New York, NY - Stride Arts is pleased to present our Autumn Exhibition featuring artwork by Kerstin Roolfs, Howard Gross, Elliot Cowan, and Kate Thomas. This exhibition brings together four artists from various backgrounds who have produced bodies of work that at first glance may seem incongruous, and yet, in a shared context, aspects of their distinct practices converge in subject matter or artistic approach.
An interest in history and the human dynamics that shape the world around them has prevailed throughout most of Kerstin Roolfs’ work, yet in these more recent works, Roolfs has turned her examination inward by experimenting with automatic painting to allow the unearthing of the unknown. Popularized by the Surrealists, this technique allowed artists to tap into levels of their unconscious without the hindrance of prescribed form or concept. Four works on paper include a patterned woodcut in the center of each piece, over which Roolfs has painted additional elements by hand. Using varying strokes of ink, Roolfs has painted disembodied heads that gaze at each other or at the viewer. The heads are at times alien-like and at others allude to the Japanese style of manga. Stream of consciousness phrases in English and German figure prominently in Global Beings 1 (2019), reminding the viewer, and perhaps the artist herself, to “Look for community.” In RYBGPO (2019) and the House of the Rising Sun paintings, Roolfs shifts toward the abstract, allowing pure color to dominate. This inquiry into color carries into the V series, in which, inspired by patches in RYBGPO (2019) and being reminded of images in science, Roolfs began sourcing details of microscopic slides, altering them on the computer, and translating them onto canvas.
Twenty two works included by Howard Gross relay his lifelong obsession with intricate detail and precision. Since being catapulted into the art world with an exhibition at Allan Frumkin Gallery in Chicago that also served as an MFA presentation, Gross has worked across a wide variety of media. Included works range from paint on canvas to delicate porcelain-like sculpture to more recent pieces, in which an image emerges once Gross has cut away the positive space from a black, inked scratchboard. Six paintings, including You Are Tearing Me Apart (1985) and Landmine Soliloquy (1985), hail from a unique period in the 1980s, when Gross briefly lived in New Orleans, Louisiana, and returned to oil paint. While he is loath to elaborate on or pinpoint any specific meaning behind his work - the act of making art is, for Gross, something innate and almost automatic - a common visual vocabulary can be found. Whether made of paint or clay, his forms always seem to derive from realm of the organic, yet they remain puzzlingly unidentifiable. His densely packed canvases could also be snapshots of microscopic worlds: the turning and twisting elements resemble vegetal webbing, plant-like organs, or cellular and mitochondrial bodies. Made from a molding material that allows him to achieve extreme detail, Helena and Friends 6 (2005) demonstrates Gross’ return to sculpture and the box form, which served as the anchor of an early exhibition in 1974. His characteristic shapes are not bound by medium and they evolve as Gross himself continues to seek out new forms of expression.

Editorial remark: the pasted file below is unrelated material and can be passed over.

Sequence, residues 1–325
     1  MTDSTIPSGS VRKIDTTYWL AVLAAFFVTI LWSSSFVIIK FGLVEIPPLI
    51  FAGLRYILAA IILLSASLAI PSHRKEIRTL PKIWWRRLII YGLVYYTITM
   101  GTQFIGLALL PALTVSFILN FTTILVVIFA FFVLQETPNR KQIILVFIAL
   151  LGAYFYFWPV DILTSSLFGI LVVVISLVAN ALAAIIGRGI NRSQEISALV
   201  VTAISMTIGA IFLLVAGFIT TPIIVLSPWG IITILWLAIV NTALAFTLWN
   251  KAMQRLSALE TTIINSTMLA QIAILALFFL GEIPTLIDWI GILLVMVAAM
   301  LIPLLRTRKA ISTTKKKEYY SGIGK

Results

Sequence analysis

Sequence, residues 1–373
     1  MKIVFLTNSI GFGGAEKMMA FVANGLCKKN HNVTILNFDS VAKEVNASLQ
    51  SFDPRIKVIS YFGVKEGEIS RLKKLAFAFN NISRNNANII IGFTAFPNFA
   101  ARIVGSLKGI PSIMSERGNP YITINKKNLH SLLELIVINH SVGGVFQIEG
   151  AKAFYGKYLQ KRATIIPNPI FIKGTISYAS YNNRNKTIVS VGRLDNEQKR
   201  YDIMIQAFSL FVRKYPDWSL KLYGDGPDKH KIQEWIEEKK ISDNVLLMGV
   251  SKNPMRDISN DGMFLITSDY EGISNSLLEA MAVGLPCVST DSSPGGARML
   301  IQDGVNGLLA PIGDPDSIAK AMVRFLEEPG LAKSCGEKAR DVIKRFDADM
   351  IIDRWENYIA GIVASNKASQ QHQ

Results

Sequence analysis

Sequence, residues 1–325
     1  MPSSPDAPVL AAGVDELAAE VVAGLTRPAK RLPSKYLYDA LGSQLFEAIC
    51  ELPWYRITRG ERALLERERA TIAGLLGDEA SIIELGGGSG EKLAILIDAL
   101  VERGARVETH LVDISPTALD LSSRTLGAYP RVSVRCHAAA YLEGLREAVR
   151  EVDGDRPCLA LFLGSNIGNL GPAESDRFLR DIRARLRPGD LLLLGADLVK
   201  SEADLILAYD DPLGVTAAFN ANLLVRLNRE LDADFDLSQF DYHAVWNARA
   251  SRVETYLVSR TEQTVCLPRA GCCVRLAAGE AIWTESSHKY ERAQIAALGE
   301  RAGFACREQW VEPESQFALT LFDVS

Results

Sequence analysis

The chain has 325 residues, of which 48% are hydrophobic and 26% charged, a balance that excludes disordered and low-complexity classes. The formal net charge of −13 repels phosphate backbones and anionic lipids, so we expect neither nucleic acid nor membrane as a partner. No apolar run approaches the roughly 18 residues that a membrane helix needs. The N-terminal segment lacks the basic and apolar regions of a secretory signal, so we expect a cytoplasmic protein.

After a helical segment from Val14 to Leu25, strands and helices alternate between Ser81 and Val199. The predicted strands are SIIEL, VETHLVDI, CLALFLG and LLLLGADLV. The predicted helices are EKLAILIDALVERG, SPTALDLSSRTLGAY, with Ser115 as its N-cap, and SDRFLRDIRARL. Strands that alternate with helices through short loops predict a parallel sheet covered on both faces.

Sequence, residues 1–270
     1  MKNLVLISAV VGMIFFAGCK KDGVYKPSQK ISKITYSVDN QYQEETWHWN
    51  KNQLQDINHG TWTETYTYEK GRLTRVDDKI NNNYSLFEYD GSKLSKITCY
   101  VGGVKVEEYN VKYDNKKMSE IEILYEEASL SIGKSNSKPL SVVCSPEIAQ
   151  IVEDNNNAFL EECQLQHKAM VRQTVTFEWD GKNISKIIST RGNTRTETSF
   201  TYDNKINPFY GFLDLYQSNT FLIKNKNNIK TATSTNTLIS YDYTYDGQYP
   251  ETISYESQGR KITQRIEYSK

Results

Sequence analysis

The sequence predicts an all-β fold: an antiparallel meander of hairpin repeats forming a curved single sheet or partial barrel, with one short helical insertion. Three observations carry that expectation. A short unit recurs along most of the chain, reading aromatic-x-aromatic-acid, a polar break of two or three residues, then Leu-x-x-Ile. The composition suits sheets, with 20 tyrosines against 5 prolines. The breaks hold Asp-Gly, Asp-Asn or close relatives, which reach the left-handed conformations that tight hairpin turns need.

Exploring a similar vein of repetition and pattern, albeit through a different medium, Elliot Cowan merges his illustrative skills with his own personal style. After years of producing, directing, and animating various film projects, Cowan has cultivated a unique ability to infuse movement and humor into his artwork. On display are five of Cowan’s prints that highlight how easily he is able to translate the moving image to the non-moving image, including an appearance from one of his recurring characters, Mr. Arms, as well as a digital interpretation of a landscape painting that one almost expects to be animated. The original work on paper, I Told You So (2015), is composed of an abstract pattern rendered in ink and watercolor that builds upon Cowan’s technique of pattern composition and even edges towards the abstract paintings of Joan Miro, whom Cowan cites as an influence.
Kate Thomas’ vibrantly colorful paintings provide rich bursts of unadulterated hue and shine. Made through a painstaking process of pouring quantities of paint onto resin, Thomas’ glittering paintings at times resemble topographic maps and, at others, are completely otherworldly and seem to offer glimpses into other universes swirling millions of miles away. Yet, Thomas draws inspiration from a more local source, looking to the Earth’s materials and crystals as beacons of energy and light. Thomas developed this technique during a time when her husband was away for a training program, and she found comfort in the calming effects of crystals in her home, which she was then able to incorporate into her canvases. Slices of Cerulean (2019) marks Thomas’ foray into larger scale works as she continues to develop her practice.
Explore the works of these four artists and more in our shop.